The development of state-of-the-art systems in different applied areas of machine learning (ML) is driven by benchmarks, which have shaped the paradigm of evaluating generalisation capabilities from multiple perspectives. Although the paradigm is shifting towards more fine-grained evaluation across diverse tasks, the delicate question of how to aggregate the performances has received particular interest in the community. In general, benchmarks follow the unspoken utilitarian principles, where the systems are ranked based on their mean average score over task-specific metrics. Such aggregation procedure has been viewed as a sub-optimal evaluation protocol, which may have created the illusion of progress. This paper proposes Vote'n'Rank, a framework for ranking systems in multi-task benchmarks under the principles of the social choice theory. We demonstrate that our approach can be efficiently utilised to draw new insights on benchmarking in several ML sub-fields and identify the best-performing systems in research and development case studies. The Vote'n'Rank's procedures are more robust than the mean average while being able to handle missing performance scores and determine conditions under which the system becomes the winner.
We present the shared task on artificial text detection in Russian, which is organized as a part of the Dialogue Evaluation initiative, held in 2022. The shared task dataset includes texts from 14 text generators, i.e., one human writer and 13 text generative models fine-tuned for one or more of the following generation tasks: machine translation, paraphrase generation, text summarization, text simplification. We also consider back-translation and zero-shot generation approaches. The human-written texts are collected from publicly available resources across multiple domains. The shared task consists of two sub-tasks: (i) to determine if a given text is automatically generated or written by a human; (ii) to identify the author of a given text. The first task is framed as a binary classification problem. The second task is a multi-class classification problem. We provide count-based and BERT-based baselines, along with the human evaluation on the first sub-task. A total of 30 and 8 systems have been submitted to the binary and multi-class sub-tasks, correspondingly. Most teams outperform the baselines by a wide margin. We publicly release our codebase, human evaluation results, and other materials in our GitHub repository (https://github.com/dialogue-evaluation/RuATD).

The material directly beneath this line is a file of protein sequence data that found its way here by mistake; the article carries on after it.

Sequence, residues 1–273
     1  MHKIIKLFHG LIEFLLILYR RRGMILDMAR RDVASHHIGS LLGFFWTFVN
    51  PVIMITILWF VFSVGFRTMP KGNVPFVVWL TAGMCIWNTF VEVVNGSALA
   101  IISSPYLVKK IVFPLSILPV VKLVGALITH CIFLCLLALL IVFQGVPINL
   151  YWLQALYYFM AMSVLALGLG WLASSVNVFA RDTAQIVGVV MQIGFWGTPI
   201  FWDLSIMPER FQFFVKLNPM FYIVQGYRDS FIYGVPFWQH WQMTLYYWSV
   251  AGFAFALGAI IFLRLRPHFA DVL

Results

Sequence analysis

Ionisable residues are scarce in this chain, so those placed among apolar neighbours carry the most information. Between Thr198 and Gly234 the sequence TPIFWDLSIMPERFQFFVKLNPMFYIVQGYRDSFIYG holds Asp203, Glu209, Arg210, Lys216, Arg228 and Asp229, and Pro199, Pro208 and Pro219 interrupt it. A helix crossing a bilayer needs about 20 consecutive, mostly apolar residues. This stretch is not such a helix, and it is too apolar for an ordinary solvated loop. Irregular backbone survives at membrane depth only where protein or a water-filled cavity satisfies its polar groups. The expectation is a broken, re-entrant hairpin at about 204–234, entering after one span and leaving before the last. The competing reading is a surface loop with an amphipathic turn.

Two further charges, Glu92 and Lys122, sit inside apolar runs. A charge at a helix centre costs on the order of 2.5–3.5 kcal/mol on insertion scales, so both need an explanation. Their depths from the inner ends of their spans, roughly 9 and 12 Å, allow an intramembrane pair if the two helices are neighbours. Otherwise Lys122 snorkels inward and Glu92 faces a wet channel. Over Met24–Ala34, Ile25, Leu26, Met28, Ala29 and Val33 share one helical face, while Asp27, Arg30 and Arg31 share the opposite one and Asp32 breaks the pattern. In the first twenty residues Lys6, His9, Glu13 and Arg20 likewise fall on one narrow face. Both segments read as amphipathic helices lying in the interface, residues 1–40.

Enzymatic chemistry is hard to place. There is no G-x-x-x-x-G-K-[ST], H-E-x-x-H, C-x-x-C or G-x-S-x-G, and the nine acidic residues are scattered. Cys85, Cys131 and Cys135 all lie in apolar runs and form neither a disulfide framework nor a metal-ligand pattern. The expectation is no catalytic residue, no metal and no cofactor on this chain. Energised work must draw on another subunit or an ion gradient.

The role of the attention mechanism in encoding linguistic knowledge has received special interest in NLP. However, the ability of the attention heads to judge the grammatical acceptability of a sentence has been underexplored. This paper approaches the paradigm of acceptability judgments with topological data analysis (TDA), showing that the geometric properties of the attention graph can be efficiently exploited for two standard practices in linguistics: binary judgments and linguistic minimal pairs. Topological features enhance the BERT-based acceptability classifier scores by $8$%-$24$% on CoLA in three languages (English, Italian, and Swedish). By revealing the topological discrepancy between attention maps of minimal pairs, we achieve the human-level performance on the BLiMP benchmark, outperforming nine statistical and Transformer LM baselines. At the same time, TDA provides the foundation for analyzing the linguistic functions of attention heads and interpreting the correspondence between the graph features and grammatical phenomena.
Recent studies report that autoregressive language models can successfully solve many NLP tasks via zero- and few-shot learning paradigms, which opens up new possibilities for using the pre-trained language models. This paper introduces two autoregressive GPT-like models with 1.3 billion and 13 billion parameters trained on 60 languages from 25 language families using Wikipedia and Colossal Clean Crawled Corpus. We reproduce the GPT-3 architecture using GPT-2 sources and the sparse attention mechanism; Deepspeed and Megatron frameworks allow us to parallelize the training and inference steps effectively. The resulting models show performance on par with the recently released XGLM models by Facebook, covering more languages and enhancing NLP possibilities for low resource languages of CIS countries and Russian small nations. We detail the motivation for the choices of the architecture design, thoroughly describe the data preparation pipeline, and train five small versions of the model to choose the most optimal multilingual tokenization strategy. We measure the model perplexity in all covered languages and evaluate it on the wide spectre of multilingual tasks, including classification, generative, sequence labeling and knowledge probing. The models were evaluated with the zero-shot and few-shot methods. Furthermore, we compared the classification tasks with the state-of-the-art multilingual model XGLM. source code and the mGPT XL model are publicly released.